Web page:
The National Resource Directory was cited as an excellent online source for women veterans to research opportunities for work, education, training and even assistance for the homeless (sometimes the result of prolonged joblessness). VA has recently launched its VA for Vets website, which will "translate" a veteran’s military occupational specialty into a draft narrative that can be used in a resume. The site also has online mentoring services.


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Videos explain women’s military experiences

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The Department of Veterans Affairs has released a series of videos in which women veterans describe their experiences serving in the military, ranging from their significant contributions to national safety and security to the challenges they faced during their service and after returning to civilian life. The three- to five-minute videos are part of VA’s ongoing “Rethink Veterans” campaign to increase awareness of women veterans and their vital roles in our nation’s history. The videos can be viewed at www.womenshealth.va.gov or on YouTube at http://www.youtube.com/user/VeteransHealthAdmin. The four stories just released were recorded during the July 2011 Women Veterans Summit in Washington, D.C. Women from all eras, conflicts, and service branches were invited to share their experiences. VA plans to release several video vignettes over the next few months. The first four videos include an Army Reservist who served nine years stateside before deploying to Iraq post-9/11, a Vietnam War era nurse who returned from combat with a new sense of family, a Navy veteran who advocates for expanded roles for women in the military, and Brig. Gen. Wilma Vaught, the first woman to deploy with a Strategic Air Command bomber unit. The videos are meant to increase awareness of women’s roles in the military among VA staff and the public. Women veterans make up 1 percent of veterans, 15 percent of active-duty servicemembers and nearly 18 percent of guard and reserve forces. As the number of active-duty women increases, so does the number of women veterans using their VA benefits. VA is working to enhance access and services for women veterans at all VA facilities and change VA culture to be more understanding and accommodating of women veterans. In addition to the videos, VA recently released a 60-second public service announcement about women in the military. The PSA is available for viewing on YouTube at http://www.youtube.com/watch?feature=player_profilepage&v=BOP5DCgjxPE and at www.womenshealth.va.gov. Broadcast organizations interested in obtaining a broadcast-quality version of the PSA should contact VA’s Office of Public Affairs (202-461-7600). For more information about VA programs and services for women veterans, please visit: www.va.gov/womenvet and www.womenshealth.va.gov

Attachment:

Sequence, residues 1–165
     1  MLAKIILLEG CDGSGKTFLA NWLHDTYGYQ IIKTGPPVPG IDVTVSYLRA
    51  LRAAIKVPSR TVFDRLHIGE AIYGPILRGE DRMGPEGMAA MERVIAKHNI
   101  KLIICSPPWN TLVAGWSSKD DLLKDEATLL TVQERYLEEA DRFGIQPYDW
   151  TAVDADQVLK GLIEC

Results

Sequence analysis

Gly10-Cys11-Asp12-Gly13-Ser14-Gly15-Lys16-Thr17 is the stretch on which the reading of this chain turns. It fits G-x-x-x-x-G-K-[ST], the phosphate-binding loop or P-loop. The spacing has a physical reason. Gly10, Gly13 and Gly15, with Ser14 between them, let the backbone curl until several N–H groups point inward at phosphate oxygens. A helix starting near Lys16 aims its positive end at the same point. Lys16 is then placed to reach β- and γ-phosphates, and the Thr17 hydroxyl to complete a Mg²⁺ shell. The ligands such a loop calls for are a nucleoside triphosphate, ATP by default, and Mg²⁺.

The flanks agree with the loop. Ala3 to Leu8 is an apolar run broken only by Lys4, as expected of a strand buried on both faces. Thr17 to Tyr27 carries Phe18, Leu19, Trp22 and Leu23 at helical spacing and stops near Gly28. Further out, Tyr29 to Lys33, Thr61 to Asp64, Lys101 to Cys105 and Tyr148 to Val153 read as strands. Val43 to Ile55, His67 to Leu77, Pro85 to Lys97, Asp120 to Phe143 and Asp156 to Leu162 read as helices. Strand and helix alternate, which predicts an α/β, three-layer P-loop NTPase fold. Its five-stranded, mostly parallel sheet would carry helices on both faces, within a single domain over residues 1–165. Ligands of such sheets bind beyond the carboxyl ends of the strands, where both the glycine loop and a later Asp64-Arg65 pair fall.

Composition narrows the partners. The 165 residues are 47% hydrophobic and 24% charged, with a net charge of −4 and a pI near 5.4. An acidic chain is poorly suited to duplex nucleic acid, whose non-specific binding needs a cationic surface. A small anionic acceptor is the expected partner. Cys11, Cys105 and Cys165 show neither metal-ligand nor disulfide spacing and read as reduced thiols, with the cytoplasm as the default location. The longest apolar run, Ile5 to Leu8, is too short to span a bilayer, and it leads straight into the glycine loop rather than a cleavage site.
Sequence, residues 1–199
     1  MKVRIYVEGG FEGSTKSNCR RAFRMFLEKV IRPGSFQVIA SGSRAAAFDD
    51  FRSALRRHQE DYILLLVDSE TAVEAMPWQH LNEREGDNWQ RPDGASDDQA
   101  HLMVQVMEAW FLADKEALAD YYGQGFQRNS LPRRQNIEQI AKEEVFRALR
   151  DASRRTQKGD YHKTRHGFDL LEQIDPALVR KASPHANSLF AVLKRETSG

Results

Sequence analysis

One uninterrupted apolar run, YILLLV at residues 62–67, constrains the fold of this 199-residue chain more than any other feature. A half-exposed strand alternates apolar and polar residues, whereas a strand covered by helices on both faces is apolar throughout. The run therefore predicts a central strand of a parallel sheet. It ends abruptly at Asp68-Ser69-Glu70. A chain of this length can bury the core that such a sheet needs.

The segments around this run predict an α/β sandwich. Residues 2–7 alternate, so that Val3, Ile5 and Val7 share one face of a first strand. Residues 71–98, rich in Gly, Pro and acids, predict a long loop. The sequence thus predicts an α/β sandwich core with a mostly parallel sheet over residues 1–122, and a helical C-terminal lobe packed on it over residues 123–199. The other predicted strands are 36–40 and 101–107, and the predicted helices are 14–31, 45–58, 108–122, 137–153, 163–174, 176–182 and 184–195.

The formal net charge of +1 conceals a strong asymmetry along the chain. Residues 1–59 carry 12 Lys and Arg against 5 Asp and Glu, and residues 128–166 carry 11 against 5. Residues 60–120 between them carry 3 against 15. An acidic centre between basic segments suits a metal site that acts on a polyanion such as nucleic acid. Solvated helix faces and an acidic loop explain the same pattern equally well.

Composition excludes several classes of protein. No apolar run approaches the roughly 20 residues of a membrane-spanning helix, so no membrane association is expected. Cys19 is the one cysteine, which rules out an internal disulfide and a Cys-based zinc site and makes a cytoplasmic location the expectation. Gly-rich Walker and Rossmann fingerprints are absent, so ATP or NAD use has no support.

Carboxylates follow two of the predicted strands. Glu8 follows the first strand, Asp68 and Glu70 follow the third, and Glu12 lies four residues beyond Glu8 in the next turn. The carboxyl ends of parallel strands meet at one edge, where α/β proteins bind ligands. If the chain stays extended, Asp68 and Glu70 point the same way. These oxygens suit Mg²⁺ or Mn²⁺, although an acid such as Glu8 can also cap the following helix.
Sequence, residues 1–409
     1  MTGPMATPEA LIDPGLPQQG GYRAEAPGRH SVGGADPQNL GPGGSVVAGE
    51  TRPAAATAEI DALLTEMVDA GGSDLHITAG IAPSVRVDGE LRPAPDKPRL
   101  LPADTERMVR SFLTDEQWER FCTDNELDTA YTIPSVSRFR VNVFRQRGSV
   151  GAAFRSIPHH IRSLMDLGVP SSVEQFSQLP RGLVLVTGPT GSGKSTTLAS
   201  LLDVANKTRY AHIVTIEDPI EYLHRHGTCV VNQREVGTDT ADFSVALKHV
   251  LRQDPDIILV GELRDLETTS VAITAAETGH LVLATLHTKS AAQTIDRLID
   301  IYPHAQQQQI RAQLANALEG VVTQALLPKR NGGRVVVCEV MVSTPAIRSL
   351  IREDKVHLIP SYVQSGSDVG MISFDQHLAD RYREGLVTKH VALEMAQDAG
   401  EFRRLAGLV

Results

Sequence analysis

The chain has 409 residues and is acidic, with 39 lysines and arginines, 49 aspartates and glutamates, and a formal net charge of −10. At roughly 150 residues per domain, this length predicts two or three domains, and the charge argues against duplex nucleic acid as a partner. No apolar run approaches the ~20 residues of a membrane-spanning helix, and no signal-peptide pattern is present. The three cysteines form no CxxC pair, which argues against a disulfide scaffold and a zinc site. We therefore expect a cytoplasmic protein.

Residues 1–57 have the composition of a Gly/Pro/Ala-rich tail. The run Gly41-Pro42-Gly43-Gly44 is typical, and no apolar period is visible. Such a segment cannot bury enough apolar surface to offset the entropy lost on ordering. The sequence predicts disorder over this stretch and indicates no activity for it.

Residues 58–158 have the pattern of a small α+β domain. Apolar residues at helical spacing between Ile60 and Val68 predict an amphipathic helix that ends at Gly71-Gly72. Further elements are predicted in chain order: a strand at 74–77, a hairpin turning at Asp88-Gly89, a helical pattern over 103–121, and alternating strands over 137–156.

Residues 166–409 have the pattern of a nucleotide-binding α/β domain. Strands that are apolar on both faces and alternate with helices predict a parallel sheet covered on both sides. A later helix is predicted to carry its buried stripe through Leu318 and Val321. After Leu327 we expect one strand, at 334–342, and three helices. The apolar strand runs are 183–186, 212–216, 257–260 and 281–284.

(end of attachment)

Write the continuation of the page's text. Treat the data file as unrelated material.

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Did you know?

Military Funeral Honors ceremonies must be scheduled in advance.

The law requires that every eligible veteran receive a military funeral honors ceremony, which includes the folding and presentation of the United States flag and the playing of “taps,” upon the family’s request. This Department of Defense program calls for the funeral director to request military funeral honors on behalf of the veteran’s family.